Monday, August 22, 2016

Tales of a Teacher - Sue Stathopulos

Lecturer Sue Stathopulos.

This is the first of three Centre for Teaching Excellence Teaching Stories that will be featured in the Daily Bulletin this week.

The decision to move away from home to attend university is nerve-wracking for many students. As Sue Stathopulos, a first-year chemistry lab instructor, explains, “it’s quite intimidating to come from wherever you’re coming from, regardless of whether you’re arriving from a large high school or a small high school. The university environment is much bigger — classes are considerably larger.” For this reason, Stathopulos works to ensure that her laboratory is a place where students can acquire not just knowledge but also skills and resources to help them with this transition.

As an instructor of first-year students, Stathopulos teaches basic lab skills. In the lab setting, Stathopulos has a hands-on teaching opportunity that most instructors in the classroom do not. “I have the opportunity to interact with students on a one-to-one basis frequently, where lecturers — the classes are huge — they’re one person standing at the front of the room with three or four hundred students.” This is why students enjoy the environment of CHEM 120L and 123L. As Aaron Chan, a CHEM 123L teaching assistant (TA), explains, “Working with Stathopulos is great because she creates a very friendly environment, making it easier to be approachable while teaching, which makes the lab more enjoyable but still informative for most students.”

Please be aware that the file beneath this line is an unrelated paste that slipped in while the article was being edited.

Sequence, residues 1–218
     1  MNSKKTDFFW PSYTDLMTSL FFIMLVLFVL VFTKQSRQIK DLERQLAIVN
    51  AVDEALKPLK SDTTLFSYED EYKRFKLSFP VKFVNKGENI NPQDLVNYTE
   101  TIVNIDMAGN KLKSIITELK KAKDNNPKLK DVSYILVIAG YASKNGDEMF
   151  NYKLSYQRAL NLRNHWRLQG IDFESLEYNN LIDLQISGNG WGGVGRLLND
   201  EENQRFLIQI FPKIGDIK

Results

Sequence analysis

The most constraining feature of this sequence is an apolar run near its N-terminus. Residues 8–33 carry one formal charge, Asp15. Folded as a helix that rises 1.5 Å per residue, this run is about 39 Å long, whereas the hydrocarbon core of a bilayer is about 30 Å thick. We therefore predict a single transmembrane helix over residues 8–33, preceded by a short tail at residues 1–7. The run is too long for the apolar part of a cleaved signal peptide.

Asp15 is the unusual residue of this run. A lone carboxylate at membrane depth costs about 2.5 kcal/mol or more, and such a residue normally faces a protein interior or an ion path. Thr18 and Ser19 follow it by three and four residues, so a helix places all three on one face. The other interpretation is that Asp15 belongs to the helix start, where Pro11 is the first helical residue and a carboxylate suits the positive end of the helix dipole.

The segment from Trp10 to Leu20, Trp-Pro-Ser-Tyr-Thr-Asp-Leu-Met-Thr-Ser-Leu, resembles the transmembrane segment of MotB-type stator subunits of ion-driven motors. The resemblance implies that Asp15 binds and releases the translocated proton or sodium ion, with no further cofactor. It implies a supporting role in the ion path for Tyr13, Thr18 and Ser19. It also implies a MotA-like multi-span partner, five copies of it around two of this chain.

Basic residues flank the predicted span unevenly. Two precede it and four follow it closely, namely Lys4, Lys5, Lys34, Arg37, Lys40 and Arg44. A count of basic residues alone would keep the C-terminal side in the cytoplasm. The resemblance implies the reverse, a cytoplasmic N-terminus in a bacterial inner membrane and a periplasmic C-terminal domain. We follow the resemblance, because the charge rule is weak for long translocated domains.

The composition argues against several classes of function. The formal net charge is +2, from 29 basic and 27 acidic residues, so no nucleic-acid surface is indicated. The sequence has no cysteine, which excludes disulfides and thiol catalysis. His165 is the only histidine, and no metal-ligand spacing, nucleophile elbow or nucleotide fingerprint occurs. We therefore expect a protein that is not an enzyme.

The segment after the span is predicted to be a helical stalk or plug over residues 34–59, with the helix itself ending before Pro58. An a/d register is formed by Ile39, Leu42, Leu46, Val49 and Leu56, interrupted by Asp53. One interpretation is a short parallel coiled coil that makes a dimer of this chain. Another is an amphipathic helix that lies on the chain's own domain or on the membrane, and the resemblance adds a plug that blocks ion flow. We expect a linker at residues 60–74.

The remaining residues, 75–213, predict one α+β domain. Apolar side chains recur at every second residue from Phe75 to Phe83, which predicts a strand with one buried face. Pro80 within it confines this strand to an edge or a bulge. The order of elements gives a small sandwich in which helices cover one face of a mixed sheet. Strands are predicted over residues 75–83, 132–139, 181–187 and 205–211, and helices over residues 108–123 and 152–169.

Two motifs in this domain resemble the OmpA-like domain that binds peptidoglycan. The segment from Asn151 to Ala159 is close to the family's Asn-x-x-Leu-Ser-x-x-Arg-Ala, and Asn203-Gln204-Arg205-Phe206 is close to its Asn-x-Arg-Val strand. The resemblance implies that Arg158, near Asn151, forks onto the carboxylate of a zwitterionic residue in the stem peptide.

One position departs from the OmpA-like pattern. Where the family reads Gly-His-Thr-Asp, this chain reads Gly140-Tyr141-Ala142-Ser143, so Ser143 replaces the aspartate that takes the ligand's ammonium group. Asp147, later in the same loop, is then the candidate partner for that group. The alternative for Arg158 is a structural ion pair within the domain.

Outside of the lab, Stathopulos says she likes “to get involved in a lot of first-year activities.” To this end, she has participated in student seminars regarding topics such as how to write lab reports. In conjunction with these seminars, and at the request of past students, Stathopulos plans to offer an open workshop this Fall term. The workshop will focus on the process of critiquing lab reports, to help students feel less overwhelmed by the task of report writing.

Stathopulos also encourages her students and TAs to participate fully in campus life. Since the TAs are closer in age to the students, it is easier for them to “get involved in the students’ lives and find out about them, learn about them, and I think they have excellent success in that.” Stathopulos believes that getting involved and seeing a familiar face every couple of weeks “significantly benefits the students!”

For Stathopulos, the most rewarding part when mentoring first-year students is the “light bulb” moment: “When you see a student ‘get it’ — they finally realize that ‘You know what, I can do this university thing and I don’t have to be intimidated’ — I think that’s the biggest achievment.” In the lab, Stathopulos helps students work towards this light bulb moment by making them more comfortable. She lets them know that making mistakes is an essential part of learning and she drives them to “get involved, in everything. Participate, in everything. Do as much as you can because these opportunities aren’t going to come around again.”

WPIRG fee to go to referendum

Students’ Council voted on July 24 to call a referendum on the Waterloo Public Interest Research Group (WPIRG) fee, which is a refundable fee collected from undergraduate students each term.

The current fee is $4.75 per term.

The referendum’s campaign period will take place from September 19 to September 28, with voting days on September 26, September 27, and September 28.